The Secure SHell, or SSH, is a simple but effective tool for encrypted remote login to a Linux-based workstation or server. Not only does it give you secure command-line access to the remote PC, but it can also be used to securely redirect data to be routed or processed on the remote PC’s LAN such as HTTP traffic or perhaps another protocol such as Jabber that is blocked on your local Internet connection. This process is called tunneling.
Creating an SSH tunnel is easy. Say you wanted to forward the local port 2100 to a web server inside your remote network on IP 192.168.0.99. The public hostname of the SSH server you are using to connect to is myserver.com. You can issue the command:
$ ssh firstname.lastname@example.org -L 2100:192.168.0.99:80 -N
…this will redirect local port 2100 to port 80 on the server with LAN IP 192.168.0.99 on the remote network, via the Internet-accessible SSH server on myserver.com, logging into it as the user jbloggs. Everytime you now access http://localhost:2100 with your web browser, your traffic will be redirected to the remote web server, using an encrypted tunnel over the Internet.
Now this is great, but that command line looks a bit convoluted. Isn’t there a more intuitive way to create an SSH tunnel?
There sure is – a neat little Gnome GUI app called the Gnome SSH Tunnel Manager or gSTM for short.
Here’s a diagram to illustrate what we are trying to do.
The Internal LAN web server cannot be accessed from the Internet, only local LAN users. For the workstation on the other side of the Internet to be able to access the LAN web server at 192.168.0.99, we need to tunnel into the SSH server and then pass through it to get to the Internal LAN web server.
First up, we need to install gSTM. It exists in the Ubuntu repository, so all you have to do is enter:
$ sudo apt-get install gstm
Once installed, you will find it in the Applications->Internet->gSTM menu. When you fire it up, you will be presented with the following window (in this case I’ve already setup three tunnels – your list will be empty):
The list shows all the tunnels you have created to various locations. Each tunnel can have multiple ports directed over it. The green light next to the tunnel name indicates an active tunnel. A red light indicates an inactive tunnel.
- Creating a new tunnel is simplicity itself – just click on the Add button. A new window appears.
- In this window, we specify an arbitrary name for the tunnel, then the SSH server we’re connecting to, eg: myserver.com in the previous example (or its public IP address), the login name used to access that SSH server, eg: jbloggs, and the port that the remote SSH server is listening to (which by default is 22, but you may have changed it to a non-standard port number above 1000 for greater security).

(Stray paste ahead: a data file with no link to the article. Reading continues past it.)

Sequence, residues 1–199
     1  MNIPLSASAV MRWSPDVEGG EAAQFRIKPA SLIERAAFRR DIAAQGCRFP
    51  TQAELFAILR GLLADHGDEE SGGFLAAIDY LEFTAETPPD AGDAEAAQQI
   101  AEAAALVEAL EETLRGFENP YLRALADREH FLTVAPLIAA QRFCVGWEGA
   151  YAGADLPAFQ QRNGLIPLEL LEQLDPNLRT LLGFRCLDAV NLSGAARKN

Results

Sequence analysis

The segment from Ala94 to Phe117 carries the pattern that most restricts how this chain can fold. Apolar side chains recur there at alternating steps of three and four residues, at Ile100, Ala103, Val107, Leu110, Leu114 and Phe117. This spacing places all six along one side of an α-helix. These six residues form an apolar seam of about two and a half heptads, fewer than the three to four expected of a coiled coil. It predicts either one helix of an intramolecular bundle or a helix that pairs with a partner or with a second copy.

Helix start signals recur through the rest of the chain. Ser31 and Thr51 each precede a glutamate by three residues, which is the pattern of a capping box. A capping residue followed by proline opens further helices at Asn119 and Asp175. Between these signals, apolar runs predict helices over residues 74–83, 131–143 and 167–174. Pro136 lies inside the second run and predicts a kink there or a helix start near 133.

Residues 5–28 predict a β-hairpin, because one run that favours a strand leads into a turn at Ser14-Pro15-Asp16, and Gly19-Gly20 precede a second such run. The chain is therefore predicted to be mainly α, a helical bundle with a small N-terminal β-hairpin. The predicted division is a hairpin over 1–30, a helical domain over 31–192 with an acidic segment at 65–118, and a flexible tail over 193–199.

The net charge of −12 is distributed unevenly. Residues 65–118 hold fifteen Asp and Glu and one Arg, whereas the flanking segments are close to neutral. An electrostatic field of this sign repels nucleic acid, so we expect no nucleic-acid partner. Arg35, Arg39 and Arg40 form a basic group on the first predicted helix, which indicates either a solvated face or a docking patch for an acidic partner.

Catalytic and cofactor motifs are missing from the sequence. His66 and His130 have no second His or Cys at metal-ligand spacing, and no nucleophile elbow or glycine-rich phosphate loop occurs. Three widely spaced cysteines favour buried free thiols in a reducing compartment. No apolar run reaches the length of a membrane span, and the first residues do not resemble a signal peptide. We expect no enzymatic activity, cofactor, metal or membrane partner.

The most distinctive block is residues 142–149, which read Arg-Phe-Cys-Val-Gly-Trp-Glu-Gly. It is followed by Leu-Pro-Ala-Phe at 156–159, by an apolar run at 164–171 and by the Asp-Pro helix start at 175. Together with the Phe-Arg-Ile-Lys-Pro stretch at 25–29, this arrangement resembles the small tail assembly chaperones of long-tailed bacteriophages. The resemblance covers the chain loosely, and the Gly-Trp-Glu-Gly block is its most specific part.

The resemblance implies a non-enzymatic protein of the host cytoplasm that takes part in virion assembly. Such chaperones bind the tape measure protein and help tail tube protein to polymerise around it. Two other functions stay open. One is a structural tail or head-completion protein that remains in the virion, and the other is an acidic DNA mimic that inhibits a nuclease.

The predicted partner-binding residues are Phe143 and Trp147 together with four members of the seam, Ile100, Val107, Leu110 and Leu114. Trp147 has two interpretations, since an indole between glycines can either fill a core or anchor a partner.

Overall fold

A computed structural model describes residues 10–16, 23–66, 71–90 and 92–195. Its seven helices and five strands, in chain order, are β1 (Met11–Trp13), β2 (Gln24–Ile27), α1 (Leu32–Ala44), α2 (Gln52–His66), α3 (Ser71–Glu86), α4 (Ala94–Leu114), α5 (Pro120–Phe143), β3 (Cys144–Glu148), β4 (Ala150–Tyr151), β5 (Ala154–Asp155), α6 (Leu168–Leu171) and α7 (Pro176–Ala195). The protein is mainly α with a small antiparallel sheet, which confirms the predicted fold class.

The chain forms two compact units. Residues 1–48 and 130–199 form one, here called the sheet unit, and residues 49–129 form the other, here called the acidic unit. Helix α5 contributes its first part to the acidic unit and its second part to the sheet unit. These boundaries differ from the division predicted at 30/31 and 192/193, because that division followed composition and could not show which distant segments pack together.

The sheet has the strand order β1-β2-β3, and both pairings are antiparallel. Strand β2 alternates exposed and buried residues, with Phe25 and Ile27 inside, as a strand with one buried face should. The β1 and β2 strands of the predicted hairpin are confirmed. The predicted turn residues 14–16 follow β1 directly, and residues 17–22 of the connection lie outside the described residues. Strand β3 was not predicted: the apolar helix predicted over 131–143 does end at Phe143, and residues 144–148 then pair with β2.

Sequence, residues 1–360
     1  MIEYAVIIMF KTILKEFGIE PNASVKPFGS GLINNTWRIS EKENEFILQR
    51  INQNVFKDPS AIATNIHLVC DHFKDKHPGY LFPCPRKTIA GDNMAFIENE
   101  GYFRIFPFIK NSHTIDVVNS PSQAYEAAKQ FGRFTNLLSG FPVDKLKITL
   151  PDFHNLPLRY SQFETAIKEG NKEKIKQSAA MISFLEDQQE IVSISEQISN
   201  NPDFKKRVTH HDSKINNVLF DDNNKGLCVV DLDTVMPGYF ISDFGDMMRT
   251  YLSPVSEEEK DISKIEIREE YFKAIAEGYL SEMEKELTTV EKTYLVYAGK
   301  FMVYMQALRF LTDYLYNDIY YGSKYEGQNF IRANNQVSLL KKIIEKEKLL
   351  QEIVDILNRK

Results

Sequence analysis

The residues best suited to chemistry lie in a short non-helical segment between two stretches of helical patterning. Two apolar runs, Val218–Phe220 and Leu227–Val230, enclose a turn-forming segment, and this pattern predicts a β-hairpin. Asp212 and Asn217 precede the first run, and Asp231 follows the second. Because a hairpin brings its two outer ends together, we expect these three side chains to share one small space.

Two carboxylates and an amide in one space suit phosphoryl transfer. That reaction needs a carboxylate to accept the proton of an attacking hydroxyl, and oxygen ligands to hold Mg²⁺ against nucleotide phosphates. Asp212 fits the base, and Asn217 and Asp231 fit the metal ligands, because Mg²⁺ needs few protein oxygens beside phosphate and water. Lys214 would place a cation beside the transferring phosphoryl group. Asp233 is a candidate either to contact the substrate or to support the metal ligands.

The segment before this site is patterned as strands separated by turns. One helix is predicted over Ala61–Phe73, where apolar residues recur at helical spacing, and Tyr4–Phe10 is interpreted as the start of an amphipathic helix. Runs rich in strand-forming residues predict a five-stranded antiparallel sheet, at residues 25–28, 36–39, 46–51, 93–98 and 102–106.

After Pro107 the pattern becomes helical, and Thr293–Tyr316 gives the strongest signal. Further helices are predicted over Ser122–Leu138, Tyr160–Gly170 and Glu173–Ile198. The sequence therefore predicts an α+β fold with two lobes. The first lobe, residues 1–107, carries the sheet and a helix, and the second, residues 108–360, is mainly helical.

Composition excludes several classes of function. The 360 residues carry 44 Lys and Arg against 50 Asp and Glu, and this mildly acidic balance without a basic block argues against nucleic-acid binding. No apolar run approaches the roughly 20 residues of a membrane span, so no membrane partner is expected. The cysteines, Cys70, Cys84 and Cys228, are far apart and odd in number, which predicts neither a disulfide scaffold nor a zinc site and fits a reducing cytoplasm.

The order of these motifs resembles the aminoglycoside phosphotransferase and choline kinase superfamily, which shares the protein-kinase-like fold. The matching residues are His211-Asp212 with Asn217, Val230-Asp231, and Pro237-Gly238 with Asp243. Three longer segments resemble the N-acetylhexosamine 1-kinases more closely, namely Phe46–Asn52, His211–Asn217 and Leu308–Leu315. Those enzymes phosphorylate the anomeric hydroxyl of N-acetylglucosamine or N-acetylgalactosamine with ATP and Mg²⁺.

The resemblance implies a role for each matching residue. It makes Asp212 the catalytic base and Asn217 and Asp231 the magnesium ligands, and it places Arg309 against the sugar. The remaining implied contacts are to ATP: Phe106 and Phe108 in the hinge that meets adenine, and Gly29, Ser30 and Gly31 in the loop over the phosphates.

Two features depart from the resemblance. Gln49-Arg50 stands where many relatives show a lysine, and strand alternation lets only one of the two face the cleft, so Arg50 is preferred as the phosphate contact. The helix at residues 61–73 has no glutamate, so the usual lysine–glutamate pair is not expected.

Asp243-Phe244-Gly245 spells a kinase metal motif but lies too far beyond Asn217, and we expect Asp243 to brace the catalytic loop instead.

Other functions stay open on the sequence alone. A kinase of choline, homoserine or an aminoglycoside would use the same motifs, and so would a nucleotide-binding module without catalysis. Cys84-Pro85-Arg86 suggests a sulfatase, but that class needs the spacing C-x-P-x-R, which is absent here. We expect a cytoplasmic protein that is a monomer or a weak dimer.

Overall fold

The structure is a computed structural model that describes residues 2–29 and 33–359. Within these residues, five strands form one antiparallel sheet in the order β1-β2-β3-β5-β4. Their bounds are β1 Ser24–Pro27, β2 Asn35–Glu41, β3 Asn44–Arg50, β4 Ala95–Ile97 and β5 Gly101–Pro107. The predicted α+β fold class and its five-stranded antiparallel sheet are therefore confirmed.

- These are the only values you need to fill in to establish the basic tunnel. Next, we need to specify which ports we are going to redirect into that tunnel. Click on the “Add” button to add a new port.
- First we specify where the port we’re redirecting is coming from. “Local” means that we’re redirecting a port from the PC you are working on, to the remote PC. In the above example, we are going to redirect an arbitrary port number 32456 to port 80 on the PC 192.168.0.99 on the remote network’s internal LAN (via the remote SSH server). Click OK and then click OK on the previous window to save your Tunnel settings. It now appears in the list of available tunnels.
- Simply click on the Start button and you will be prompted for the password for the account you specified for the tunnel to access the remote SSH server with. Type it in and hit Enter.
- Once the green light appears next to your tunnel name in the list, you are ready to go. Open your web browser and type in http://localhost:32456 and you will suddenly see the web page of the internal machine on the remote network.
That’s pretty cool, but let’s try something even cooler. Stop your tunnel by clicking on the Stop button, then bring up the Properties for it again.
Let’s say you are at an office or school where the local Internet web access is filtered. There is a website that you’d like to visit, but it is blocked by the local organisation’s filter. Assuming outbound SSH access is allowed, you can effectively bypass the filter by routing all your web traffic via your remote SSH server whose web access is unfiltered. Here’s a diagram to illustrate what we’re doing:
The workstation tries to access the blocked website (indicated by the red line) but fails. By using an SSH tunnel (the green line), we can access the blocked website via the remote SSH server.
- To do this, add a redirection but change “Local” to be “Dynamic”, and specify an arbitrary port number, eg: 9100. You will notice that you cannot specify a To host or To port. Click OK.
- Now open up your web browser and bring up the Proxy settings. In Firefox, this is located by going to the Edit->Preferences menu, then click on the Advanced icon, then the Network tab, then finally click on the Settings button. You are presented with the following window:
- Change the radio selection at the top of the window to Manual proxy configuration and then in the SOCKS Host box ONLY, specify “localhost” and port “9100”.
- Now click OK and then close the Firefox preferences window.
- Start your SSH tunnel again by clicking on the Start button.
- Now try surfing to your blocked website. Instead of it being filtered, you will now find it magically appears because your web traffic is being proxied to your SSH tunnel and retrieved through your unfiltered remote Internet connection!
- When you are done, don’t forget to shutdown your SSH tunnel and change your web browser’s proxy settings back to whatever they were previously.